Focal community profiles for Barotse Hub, Zambia.

The purpose of the CGIAR Research Program on Aquatic Agricultural Systems (AAS) focal community profiles is to provide basic descriptions of initial conditions in each community where AAS works in the Barotse Floodplain (the Barotse Hub) in Zambia’s Western Province. This information will contribute to, among other things, (i) evaluating change through future benchmarking activities; (ii) developing hub-specific panel research designs to answer program and initiative research questions; and (iii) strengthening current community engagement processes.

Commodity and product identification for value chain analysis

This commodity and product identification research was undertaken in the context of the CGIAR Research Program on Aquatic Agricultural Systems (AAS). AAS seeks to reduce poverty and improve food security for the millions of small-scale fishers and farmers who depend on the world’s floodplains, deltas and coasts. The objective of this research is to strengthen the capacity of AAS to undertake value chain studies with high potential impact on smallholders.

Small-scale fisheries of San Miguel Bay, Philippines: social aspects of production and marketing.

To examine the possibility of incorporating fishing communities into the Bicol River Basin Development Program, five studies were conducted in the San Miguel Bay area. Data were gathered from interviews with 641 fishing households and were supplemented by observing participants over a 2-year period. The first three studies analyze, respectively, the socioeconomic characteristics of fishing communities; the seasonality of fishing, processing, and marketing; and the economic role of women and children.

Why do fishers fish where they fish? Using the ideal free distribution to understand the behaviour of artisanal reef fishers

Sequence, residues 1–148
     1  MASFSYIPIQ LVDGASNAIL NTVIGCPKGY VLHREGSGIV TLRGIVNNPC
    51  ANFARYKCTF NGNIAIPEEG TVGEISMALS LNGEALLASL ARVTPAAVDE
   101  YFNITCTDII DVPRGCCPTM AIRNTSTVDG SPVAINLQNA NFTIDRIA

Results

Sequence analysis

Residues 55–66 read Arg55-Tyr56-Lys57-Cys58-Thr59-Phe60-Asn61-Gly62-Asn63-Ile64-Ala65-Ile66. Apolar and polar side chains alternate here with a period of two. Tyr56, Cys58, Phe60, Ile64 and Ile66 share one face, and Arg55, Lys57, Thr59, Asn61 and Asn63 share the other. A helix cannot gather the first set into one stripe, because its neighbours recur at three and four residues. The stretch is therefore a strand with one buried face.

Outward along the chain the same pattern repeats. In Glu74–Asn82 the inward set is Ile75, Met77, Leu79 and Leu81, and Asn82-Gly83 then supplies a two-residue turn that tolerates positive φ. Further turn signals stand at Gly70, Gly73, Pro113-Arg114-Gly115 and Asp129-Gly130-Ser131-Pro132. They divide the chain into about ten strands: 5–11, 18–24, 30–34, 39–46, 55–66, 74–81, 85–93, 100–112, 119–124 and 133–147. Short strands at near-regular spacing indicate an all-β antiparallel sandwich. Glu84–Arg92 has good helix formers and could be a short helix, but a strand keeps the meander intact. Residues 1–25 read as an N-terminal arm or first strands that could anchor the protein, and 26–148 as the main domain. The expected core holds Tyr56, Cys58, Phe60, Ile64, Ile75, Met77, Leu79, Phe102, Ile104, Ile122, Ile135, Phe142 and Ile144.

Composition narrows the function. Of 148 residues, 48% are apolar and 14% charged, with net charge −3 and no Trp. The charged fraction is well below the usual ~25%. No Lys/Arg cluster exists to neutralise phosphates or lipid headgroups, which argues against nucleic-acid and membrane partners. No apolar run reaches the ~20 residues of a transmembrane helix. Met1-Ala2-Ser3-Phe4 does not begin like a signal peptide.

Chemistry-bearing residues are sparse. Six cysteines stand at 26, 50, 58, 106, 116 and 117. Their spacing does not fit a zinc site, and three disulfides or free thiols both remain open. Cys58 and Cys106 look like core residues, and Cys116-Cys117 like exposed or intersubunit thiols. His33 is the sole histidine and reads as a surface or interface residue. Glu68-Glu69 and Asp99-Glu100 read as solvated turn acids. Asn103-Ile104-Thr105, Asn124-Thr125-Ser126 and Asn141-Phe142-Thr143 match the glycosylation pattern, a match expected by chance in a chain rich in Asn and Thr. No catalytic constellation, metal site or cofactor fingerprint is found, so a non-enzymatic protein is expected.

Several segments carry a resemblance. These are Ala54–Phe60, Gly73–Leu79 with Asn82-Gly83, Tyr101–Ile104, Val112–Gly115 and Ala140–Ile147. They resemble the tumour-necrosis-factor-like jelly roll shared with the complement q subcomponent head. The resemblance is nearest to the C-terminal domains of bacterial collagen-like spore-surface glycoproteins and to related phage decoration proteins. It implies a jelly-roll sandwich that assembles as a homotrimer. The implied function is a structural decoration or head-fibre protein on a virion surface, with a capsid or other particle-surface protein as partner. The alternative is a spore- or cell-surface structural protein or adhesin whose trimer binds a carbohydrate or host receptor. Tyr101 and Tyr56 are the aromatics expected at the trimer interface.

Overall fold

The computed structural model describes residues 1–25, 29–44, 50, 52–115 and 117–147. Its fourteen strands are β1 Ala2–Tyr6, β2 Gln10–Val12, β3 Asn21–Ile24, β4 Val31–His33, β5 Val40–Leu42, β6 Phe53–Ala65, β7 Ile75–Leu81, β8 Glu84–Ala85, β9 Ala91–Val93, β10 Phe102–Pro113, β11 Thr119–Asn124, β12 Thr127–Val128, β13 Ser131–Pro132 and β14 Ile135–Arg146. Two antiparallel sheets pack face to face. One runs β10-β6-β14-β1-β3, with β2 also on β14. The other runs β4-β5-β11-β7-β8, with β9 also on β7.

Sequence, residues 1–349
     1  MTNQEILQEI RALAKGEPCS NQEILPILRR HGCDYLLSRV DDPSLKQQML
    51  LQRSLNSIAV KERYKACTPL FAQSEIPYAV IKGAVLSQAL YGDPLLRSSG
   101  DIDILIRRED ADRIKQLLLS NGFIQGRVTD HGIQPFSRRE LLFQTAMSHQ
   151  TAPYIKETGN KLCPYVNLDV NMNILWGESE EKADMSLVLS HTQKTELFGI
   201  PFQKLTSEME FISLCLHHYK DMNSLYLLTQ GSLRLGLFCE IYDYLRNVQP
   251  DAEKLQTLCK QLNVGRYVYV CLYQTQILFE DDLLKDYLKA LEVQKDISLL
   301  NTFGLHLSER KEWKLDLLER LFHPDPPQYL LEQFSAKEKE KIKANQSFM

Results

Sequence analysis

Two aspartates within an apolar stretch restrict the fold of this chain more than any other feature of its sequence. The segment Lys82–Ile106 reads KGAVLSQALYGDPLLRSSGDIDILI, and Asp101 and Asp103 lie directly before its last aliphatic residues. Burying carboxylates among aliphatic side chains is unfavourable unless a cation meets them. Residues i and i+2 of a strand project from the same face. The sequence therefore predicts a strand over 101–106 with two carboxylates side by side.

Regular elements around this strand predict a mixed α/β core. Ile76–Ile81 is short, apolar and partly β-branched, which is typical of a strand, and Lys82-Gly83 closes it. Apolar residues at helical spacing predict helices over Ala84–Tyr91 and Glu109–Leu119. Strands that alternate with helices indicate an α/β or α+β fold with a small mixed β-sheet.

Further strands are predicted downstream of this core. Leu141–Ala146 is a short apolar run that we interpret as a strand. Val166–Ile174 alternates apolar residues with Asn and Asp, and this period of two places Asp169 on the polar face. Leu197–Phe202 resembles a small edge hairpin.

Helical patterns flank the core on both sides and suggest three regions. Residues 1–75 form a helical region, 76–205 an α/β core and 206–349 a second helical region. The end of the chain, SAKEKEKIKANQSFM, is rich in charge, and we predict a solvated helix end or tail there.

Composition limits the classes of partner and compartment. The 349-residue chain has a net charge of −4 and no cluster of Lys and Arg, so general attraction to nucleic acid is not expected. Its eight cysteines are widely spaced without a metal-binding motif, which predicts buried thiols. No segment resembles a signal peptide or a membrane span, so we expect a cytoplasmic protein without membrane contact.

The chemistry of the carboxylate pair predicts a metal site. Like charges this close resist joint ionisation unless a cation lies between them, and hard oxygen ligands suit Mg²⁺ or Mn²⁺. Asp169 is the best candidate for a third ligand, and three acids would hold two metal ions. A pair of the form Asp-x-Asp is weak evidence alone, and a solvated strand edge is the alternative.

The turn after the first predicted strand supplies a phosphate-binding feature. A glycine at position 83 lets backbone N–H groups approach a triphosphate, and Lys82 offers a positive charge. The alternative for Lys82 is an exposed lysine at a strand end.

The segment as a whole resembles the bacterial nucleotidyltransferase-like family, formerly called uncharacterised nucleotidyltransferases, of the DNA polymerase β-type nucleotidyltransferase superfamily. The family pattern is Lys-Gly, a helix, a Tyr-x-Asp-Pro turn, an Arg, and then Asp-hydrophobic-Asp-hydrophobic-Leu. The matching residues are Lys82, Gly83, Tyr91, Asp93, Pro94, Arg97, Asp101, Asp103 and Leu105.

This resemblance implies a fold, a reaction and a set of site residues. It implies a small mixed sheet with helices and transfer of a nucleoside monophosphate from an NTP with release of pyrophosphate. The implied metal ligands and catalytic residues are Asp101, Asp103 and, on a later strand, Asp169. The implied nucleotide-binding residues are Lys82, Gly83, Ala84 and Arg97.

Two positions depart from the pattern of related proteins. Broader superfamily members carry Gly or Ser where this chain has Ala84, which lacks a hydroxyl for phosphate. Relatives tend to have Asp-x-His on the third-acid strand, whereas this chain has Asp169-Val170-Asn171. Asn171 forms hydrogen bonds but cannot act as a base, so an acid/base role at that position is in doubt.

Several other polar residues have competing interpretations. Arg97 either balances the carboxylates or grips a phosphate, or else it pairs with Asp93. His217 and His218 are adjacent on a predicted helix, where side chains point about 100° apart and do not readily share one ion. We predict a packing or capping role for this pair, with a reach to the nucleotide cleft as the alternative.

We used the theory of the ideal free distribution (IFD) as a framework to understand the mechanisms underlying fishing site selection by Anguillian artisanal fishers exploiting shallow-water coral reefs. Contrary to the predictions of IFD, fishers did not distribute themselves so that average reward was equal among fishers using different fishing methods or among fishers using the same method. In addition, fishing pressure did not increase with resource availability. Key assumptions of the IFD were not met.

Corals, fishermen and tourists

Two major anthropogenic activities that disturb coral reefs are fishing and tourism, even though coral reefs are important for both fishing and tourism. Already more than 60 per cent of all reefs worldwide are endangered. The use of explosives and poison by small-scale fishers, to supply the market for live fish for aquariums and for human consumption, cause irreversible damages to reefs. Similarly, rapid and unmanaged coastal development for marine tourism negatively affects coral reefs in many ways.

Women’s empowerment in aquaculture: Two case studies from Indonesia

Indonesia is one of the top ten aquaculture-producing countries globally. The sector makes a significant contribution to the country’s development. Women are engaged in a range of aquaculture production and value chain activities in Indonesia. In particular, women are predominate in marketing and processing. Despite this, there is currently a lack of information regarding women’s roles – and more fundamentally – the outcomes for women and factors that enable or constrain these. This represents a critical gap in the knowledge needed for effective aquaculture programmes and policies.

Labour, identity and wellbeing in Bangladesh’s dried fish value chains

Dried fish products play an important role in the diets of fish consumers and in the livelihoods of actors in fisheries value chains throughout Africa and Asia. In Bangladesh, a large proportion of marine and freshwater fish landings are processed by drying. The scale and significance of dried fish production, trade and consumption is rarely acknowledged and poorly understood, however, in part because of a tendency for fisheries research to focus on fishers, thereby overlooking actors and processes in mid- and downstream value chain segments.

Women’s empowerment in aquaculture: Two case studies from Bangladesh

Bangladesh is a global leader in inland fish production and has been ranked as the fifth largest producer of aquaculture food fish in the world. The fisheries sector, including aquaculture, provides employment to 17.8 million people, out of which women constitute 1.4 million. The shrimp industry alone employs over one million people in its processing factories, out of which 88.64 percent are women. While women play a significant role in aquaculture production in Bangladesh, their contributions remain under-reported.

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